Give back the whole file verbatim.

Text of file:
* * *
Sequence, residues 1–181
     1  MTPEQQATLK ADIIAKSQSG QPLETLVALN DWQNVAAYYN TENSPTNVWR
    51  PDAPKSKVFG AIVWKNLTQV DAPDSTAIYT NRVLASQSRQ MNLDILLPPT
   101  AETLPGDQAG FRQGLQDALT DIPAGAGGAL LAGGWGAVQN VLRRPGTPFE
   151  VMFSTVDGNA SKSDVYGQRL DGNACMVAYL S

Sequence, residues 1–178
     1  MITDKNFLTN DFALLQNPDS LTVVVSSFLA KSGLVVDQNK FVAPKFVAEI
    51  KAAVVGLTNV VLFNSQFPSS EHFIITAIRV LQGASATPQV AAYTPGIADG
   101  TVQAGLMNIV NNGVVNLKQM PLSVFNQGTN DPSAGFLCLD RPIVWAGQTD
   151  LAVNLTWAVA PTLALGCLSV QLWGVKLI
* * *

Sequence, residues 1–181
     1  MTPEQQATLK ADIIAKSQSG QPLETLVALN DWQNVAAYYN TENSPTNVWR
    51  PDAPKSKVFG AIVWKNLTQV DAPDSTAIYT NRVLASQSRQ MNLDILLPPT
   101  AETLPGDQAG FRQGLQDALT DIPAGAGGAL LAGGWGAVQN VLRRPGTPFE
   151  VMFSTVDGNA SKSDVYGQRL DGNACMVAYL S

Sequence, residues 1–178
     1  MITDKNFLTN DFALLQNPDS LTVVVSSFLA KSGLVVDQNK FVAPKFVAEI
    51  KAAVVGLTNV VLFNSQFPSS EHFIITAIRV LQGASATPQV AAYTPGIADG
   101  TVQAGLMNIV NNGVVNLKQM PLSVFNQGTN DPSAGFLCLD RPIVWAGQTD
   151  LAVNLTWAVA PTLALGCLSV QLWGVKLI